William Holzhauer spent 20 months in a POW camp in Cambodia during the Vietnam War. "While I was there," he recalls, "I dreamed of places. You built places in your mind — you did all kinds of things like that. I drew a house, Spanish-style, surrounded by fruit trees, with a rounded wooden door." Years later — back in the '80s, and back in San Diego — "I showed it to my wife. One afternoon, she was driving around Ramona, and she found the house. It was for sale; I came up to look at it and wrote a full-price offer." Adobe, surrounded by avocado trees, with a commanding view of the valley below — and a rounded wooden door. "We had the name — Hacienda de las Rosas — even before we had the house."
It turned out that the apple orchard on the property — some 600 trees — had grown too old to produce any longer, but Holzhauer wasn't overly perturbed. The space was ideal (after a fair bit of earthmoving) for a horse's round pen — together with his wife Tammy, he raises Peruvian Paso Horses. "We both had horses as kids, and when we first started riding gaited horses, we found that there was no posting — no bouncing. We can drink wine while we ride." And on the slopes above and below the pen, he could plant his vineyard. He took some viticulture classes at Davis and set to work, sinking rebar at the ends of his rows and building white concrete end posts around it. He ran more wire than some — he'd put only good soil on the hillside and needed a way to manage plant vigor. Increased vine density and a lyre trellising system — which gave him eight feet of cordons in a four-foot space — did the trick.
"I love horticulture," says Holzhauer, "and I liked the idea of the vineyard, that whole ambiance that comes with it. It's not the same as an orchard. It's more than just a farming kind of thing. You take your time with each plant -- maybe you have to cut off one or two leaves to allow sun on the grapes. It's more of a lifestyle. You don't usually sit in an orchard and talk about the fruit on the trees. With grapes, you sit out there with your friends and talk about the dreams — living the good life."
He wasn't alone in his dream of the vine-growing life. "When I started putting in our vineyards, people started saying, 'I'd love a vineyard! I'd like to grow grapes! I'd like to make my own wine!' Then I started hearing these stories: 'Well, my grandfather made wine back East — we did it all together. It was horrible, but it was a blast to do. I want my kids to have that.' They have the dream that they're going to make this incredible wine, or they're somehow able to let their blood pressure go back down. And it's just a blast to take raw land and turn it into something that's going to last for years."
Eventually, Holzhauer heard enough stories that he thought there might be a business in it. "Part one is getting the vineyard in and getting them through the first season. We do site location. We check to see where the winds come from, so that the wind comes through the rows. We check where the sun is — we want maximum sunlight toward August and September, when you need to get those sugars up. We do everything on drip irrigation, and we try to use gravity as much as possible in letting the water run. And we put in a good infrastructure — the posts and wires. If it's not strong enough, then the whole thing will collapse in three or four years. Plus, for a percentage of the year, there are no leaves on the vines — it's just bare posts and wire. So we try to make it look as nice as possible."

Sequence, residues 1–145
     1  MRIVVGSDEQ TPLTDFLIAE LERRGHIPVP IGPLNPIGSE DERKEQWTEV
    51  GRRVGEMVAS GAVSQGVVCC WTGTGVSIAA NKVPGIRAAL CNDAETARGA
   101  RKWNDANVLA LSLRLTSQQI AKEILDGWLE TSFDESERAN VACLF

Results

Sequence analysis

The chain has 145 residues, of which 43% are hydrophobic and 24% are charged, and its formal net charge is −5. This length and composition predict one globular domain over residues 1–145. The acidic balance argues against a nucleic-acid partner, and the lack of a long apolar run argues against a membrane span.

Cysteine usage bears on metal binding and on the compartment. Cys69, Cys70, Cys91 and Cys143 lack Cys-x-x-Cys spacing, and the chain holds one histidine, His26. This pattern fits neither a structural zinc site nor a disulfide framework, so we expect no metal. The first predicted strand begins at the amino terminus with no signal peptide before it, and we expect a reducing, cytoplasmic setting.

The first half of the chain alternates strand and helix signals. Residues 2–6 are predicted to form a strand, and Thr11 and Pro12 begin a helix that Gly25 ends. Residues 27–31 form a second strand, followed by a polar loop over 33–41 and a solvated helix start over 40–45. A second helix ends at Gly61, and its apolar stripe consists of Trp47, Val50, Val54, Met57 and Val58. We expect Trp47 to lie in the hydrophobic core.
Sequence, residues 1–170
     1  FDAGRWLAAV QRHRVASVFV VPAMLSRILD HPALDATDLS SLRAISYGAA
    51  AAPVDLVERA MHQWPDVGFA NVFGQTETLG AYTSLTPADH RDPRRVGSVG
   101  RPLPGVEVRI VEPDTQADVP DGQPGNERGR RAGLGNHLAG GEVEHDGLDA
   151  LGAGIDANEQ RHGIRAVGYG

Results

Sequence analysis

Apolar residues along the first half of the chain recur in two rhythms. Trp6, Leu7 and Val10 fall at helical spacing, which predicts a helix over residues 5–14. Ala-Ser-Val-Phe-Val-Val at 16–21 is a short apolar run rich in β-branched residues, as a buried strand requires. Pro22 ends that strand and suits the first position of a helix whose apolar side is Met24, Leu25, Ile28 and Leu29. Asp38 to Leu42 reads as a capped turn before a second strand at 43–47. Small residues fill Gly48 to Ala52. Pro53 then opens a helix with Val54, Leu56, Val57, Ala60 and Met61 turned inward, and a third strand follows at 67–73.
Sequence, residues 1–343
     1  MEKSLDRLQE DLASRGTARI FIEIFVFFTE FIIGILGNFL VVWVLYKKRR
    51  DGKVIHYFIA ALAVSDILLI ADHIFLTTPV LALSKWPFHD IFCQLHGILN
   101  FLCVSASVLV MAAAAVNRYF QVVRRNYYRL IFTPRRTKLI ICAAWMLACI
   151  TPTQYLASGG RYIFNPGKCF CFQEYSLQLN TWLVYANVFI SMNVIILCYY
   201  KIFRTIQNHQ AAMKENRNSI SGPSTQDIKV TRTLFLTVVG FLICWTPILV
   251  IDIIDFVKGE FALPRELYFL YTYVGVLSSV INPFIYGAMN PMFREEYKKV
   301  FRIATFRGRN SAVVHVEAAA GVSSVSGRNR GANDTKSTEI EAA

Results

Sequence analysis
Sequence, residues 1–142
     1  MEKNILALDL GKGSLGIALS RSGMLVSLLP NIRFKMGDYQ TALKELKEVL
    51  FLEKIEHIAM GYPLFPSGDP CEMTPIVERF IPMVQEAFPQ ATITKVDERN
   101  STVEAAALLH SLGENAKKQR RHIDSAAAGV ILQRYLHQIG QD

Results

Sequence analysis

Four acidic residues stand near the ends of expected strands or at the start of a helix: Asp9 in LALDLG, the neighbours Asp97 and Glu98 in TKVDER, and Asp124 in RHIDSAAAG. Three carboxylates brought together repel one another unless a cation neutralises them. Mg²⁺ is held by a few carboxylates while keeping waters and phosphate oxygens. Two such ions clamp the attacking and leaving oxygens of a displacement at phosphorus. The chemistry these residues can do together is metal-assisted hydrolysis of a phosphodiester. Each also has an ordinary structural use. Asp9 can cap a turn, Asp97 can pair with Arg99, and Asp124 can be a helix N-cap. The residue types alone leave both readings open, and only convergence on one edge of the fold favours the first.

Part two is vineyard management. "We can maintain the vineyard for them, and we can take the fruit to market for them, help them sell it. And we offer custom crush — we bring the fruit here, bring in whatever equipment we need, and start making the wine. Sometimes, they take it home with them in the barrels. They want to have their own private label — the family wine. I planted a vineyard for a nice old lady who calls her ranch Serendipity. On my invoices, it just said, 'Granny's vineyard' — I called her 'Granny' out of respect. Sure enough, she now has business cards that read, 'Serendipity Ranch: Granny's Vineyard.' That's the dream."
The word is spreading. "I do a lot in Ramona, but I have some in Alpine, some in Jamul. I'm putting in ten in Blossom Valley this November. We're getting homeowners together from a development or a neighborhood — you can get eight or ten families together that all want to have grapes." (Those lots will all run around an acre, but Holzhauer is happy to put in five or six rows in an urban backyard.)
Holzhauer administers a root-absorbed chemical to battle the glassy-winged sharpshooter (bearer of the vine-killing Pierce's disease), but other than that, he tries to keep things organic; he's not creating small-scale industrial farms. "I've found out through life that things are just better naturally. If you've ever tasted a garden tomato versus a grocery-store tomato...it's not the same thing. We don't poison rodents — we put in owl boxes and predator perches. If your dog gets hold of a ground squirrel, it doesn't have arsenic in it." As for pests, "I guess the corn weevil is one of my big things. They couldn't get rid of this bug, and they kept putting pesticides on the corn, and the bug kept getting stronger. All they had to do was change their fertilization process and use organic material, and the bug went away. And we try to keep things sustainable — something you can pass on to the next generation and something that's really nice for your neighborhood." He voluntarily adheres to the code set forth by the California Sustainable Winegrowing Alliance, which espouses environmentally sound, socially equitable, and economically feasible practices.